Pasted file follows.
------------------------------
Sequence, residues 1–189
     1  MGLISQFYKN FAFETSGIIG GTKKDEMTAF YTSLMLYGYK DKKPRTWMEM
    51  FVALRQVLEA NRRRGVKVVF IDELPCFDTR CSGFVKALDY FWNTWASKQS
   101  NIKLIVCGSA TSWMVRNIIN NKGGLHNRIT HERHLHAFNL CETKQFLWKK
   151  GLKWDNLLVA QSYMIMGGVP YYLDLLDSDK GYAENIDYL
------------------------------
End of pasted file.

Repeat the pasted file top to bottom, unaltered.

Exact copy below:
Sequence, residues 1–189
     1  MGLISQFYKN FAFETSGIIG GTKKDEMTAF YTSLMLYGYK DKKPRTWMEM
    51  FVALRQVLEA NRRRGVKVVF IDELPCFDTR CSGFVKALDY FWNTWASKQS
   101  NIKLIVCGSA TSWMVRNIIN NKGGLHNRIT HERHLHAFNL CETKQFLWKK
   151  GLKWDNLLVA QSYMIMGGVP YYLDLLDSDK GYAENIDYL